Written by Hanna Lee

Sarah Cronk, 18 years old, grew up watching her older brother Charlie struggle socially in school with an autism spectrum disability. She witnessed her brother try out a variety of social groups without much success. It wasn’t until a popular junior swim team captain invited Charlie to sit at his lunch table that things began to turn around for him. The junior encouraged Charlie to join the team. Charlie’s confidence grew overnight, and Cronk saw how a small gesture could do wonders. She wanted to have the same impact as Charlie’s friend and pass along the same opportunity to someone else.

In 2008, when she was just 15 years old, Cronk created and coached the nation’s first high-school based inclusive cheerleading squad at Pleasant Valley High School in Bettendorf, Iowa. “At first I just had this idea based on my brother being on the swim team, and I wanted to do the same thing in my sport,” recalls Cronk. “My parents, school and cheerleading coach were really supportive and helped guide me through the process to create a nonprofit for other cheerleaders to have an easy formula to make a squad work.” In 2009, Cronk established the nonprofit The Sparkle Effect to provide cheerleaders across the country with the tools to promote inclusion within their own squads.

The Sparkle Effect website offers a downloadable “Quick-Start” Kit for squads across the country to implement a similar program. The kit includes a sample letter to administrators to introduce the program and get school leadership on board. In addition, it provides an 11-step model for starting a team, a sample promotional flyer, fundraising ideas, and tips for successful practices. Cronk notes that school budget cuts can make it hard for cheerleaders to start new programs, so The Sparkle Effect partnered with Varsity Spirit Inc. to provide uniform grants worth $1,000 to qualifying teams. To date, the Sparkle Effect has generated 50 inclusive teams across the United States and even one in South Africa!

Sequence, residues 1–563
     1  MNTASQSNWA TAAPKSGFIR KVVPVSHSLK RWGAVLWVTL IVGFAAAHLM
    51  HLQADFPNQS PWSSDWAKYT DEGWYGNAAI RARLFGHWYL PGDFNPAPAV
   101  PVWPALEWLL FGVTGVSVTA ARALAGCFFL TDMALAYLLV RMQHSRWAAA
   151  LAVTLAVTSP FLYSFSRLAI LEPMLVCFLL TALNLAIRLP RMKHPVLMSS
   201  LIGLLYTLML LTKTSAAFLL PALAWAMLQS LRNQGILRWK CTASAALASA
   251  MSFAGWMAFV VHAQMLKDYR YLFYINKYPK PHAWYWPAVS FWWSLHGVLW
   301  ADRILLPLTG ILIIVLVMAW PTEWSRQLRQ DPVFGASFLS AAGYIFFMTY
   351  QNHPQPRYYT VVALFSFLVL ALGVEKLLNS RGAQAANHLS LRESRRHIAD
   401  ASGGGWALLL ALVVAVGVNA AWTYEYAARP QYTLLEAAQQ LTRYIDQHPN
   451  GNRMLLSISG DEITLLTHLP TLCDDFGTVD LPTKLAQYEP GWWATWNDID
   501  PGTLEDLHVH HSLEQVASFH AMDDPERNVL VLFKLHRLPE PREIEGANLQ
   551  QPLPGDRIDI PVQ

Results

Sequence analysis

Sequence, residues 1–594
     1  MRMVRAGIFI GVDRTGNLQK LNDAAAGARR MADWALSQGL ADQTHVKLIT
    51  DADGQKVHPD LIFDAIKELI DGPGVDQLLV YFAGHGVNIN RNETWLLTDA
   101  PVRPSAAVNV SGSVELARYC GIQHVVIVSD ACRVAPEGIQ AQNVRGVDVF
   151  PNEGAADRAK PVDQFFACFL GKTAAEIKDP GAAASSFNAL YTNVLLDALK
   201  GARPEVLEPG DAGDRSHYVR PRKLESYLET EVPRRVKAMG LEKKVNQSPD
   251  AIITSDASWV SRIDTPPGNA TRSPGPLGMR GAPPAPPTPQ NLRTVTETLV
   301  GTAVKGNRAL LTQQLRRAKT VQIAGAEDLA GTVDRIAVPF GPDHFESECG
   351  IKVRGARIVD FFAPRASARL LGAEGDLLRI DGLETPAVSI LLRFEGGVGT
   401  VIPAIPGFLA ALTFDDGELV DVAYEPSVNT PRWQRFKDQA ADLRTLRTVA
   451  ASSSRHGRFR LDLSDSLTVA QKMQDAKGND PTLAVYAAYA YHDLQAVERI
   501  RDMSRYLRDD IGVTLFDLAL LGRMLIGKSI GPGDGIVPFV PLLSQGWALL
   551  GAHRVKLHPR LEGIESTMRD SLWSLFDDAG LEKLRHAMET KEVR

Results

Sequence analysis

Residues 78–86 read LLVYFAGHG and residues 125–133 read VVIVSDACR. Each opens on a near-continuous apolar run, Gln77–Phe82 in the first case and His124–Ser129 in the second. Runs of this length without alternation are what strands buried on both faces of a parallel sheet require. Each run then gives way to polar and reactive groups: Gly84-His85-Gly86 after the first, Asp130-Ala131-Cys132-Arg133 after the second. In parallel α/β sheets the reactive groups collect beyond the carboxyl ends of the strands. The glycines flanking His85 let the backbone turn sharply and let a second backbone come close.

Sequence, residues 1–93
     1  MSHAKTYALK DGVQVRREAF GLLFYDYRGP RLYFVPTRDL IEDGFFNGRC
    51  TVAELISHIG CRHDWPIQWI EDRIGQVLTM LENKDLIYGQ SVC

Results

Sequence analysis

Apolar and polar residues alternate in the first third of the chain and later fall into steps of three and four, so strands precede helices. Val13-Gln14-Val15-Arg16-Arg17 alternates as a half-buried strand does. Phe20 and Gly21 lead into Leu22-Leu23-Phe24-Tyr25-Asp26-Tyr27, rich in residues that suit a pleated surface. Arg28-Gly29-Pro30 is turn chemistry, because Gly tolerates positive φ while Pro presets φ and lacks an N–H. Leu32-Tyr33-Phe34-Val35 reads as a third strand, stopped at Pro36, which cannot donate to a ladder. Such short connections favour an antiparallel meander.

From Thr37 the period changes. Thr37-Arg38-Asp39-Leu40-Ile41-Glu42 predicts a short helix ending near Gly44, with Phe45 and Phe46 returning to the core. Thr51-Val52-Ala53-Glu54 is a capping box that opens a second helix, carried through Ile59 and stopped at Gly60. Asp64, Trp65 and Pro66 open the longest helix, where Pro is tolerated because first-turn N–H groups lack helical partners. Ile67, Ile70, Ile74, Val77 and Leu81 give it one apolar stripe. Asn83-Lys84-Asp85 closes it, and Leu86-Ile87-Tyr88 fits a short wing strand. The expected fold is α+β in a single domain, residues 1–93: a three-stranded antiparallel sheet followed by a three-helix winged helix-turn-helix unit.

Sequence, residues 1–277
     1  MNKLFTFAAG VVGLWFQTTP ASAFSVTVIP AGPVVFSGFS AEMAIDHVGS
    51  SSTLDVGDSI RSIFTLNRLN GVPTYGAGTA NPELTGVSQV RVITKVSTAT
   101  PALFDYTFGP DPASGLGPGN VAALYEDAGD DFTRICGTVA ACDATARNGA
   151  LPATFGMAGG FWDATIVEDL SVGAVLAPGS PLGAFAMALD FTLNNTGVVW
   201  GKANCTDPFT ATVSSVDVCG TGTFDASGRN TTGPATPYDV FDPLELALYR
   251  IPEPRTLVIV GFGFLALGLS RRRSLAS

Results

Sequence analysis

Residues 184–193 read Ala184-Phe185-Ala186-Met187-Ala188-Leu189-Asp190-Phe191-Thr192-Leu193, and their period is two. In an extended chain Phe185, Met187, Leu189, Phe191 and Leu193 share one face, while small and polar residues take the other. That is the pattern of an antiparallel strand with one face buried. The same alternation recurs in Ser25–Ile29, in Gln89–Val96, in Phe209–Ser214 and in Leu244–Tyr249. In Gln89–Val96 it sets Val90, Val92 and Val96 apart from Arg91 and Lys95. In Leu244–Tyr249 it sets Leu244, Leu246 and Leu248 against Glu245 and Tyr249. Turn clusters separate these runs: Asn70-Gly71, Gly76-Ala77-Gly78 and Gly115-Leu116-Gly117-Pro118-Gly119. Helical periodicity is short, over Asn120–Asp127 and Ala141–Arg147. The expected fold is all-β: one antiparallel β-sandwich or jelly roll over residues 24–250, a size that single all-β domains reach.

Cronk believes acceptance and a sense of belonging is a universal desire, especially at the high school level.  “We found that cheering is easily adaptable to those with disabilities because we can make a routine as easy or hard as possible and cheering puts the idea of inclusion at the front and center,” says Cronk. “These girls are side by side cheering as a team, and it spotlights what people with disabilities can do as opposed to what they can’t do.” She points out that a lot of people don’t really understand inclusion and The Sparkle Effect can start a conversation about the subject and demonstrate how we’re all more alike than different.

While many of Cronk’s experiences with The Sparkle Effect have been incredibly rewarding, it’s the moments when the parents of children with disabilities come up to her to let her know that she’s made a difference that are especially inspiring. “I’ve had people come up to me and say, ‘my daughter talks more now since joining The Sparkle Effect then she has in the past 10 years,’ it’s incredible.” Cronk’s brother Charlie inspired her to start The Sparkle Effect, so it was especially touching when he approached her earlier this year to tell her she’s changed the way he views his own disability: “My brother’s disability used to be kind of this big secret for him, but he said to me ‘you took my story and turned it into this amazing thing and now I’m proud to be who I am,’” recalls Cronk.

She advises any young person who wants to start something similar to The Sparkle Effect to “believe anything is possible, don’t be afraid to ask for help and always start from a position of yes.” Currently, Cronk is a freshman at Whitman College in Walla Walla, Washington where she is majoring in English. Her ultimate goal is for The Sparkle Effect to become as synonymous with cheerleading as pom-poms. She hopes every future squad is inclusive, but for now she’s taking it one step at a time and remembering what’s most important: “A lot of people think The Sparkle Effect is about cheerleaders helping kids with disabilities but in reality these kids are helping us,” declares Cronk. “The Sparkle Effect wouldn’t be possible without their passion and courage. When everyone cheers, everyone wins.”

 

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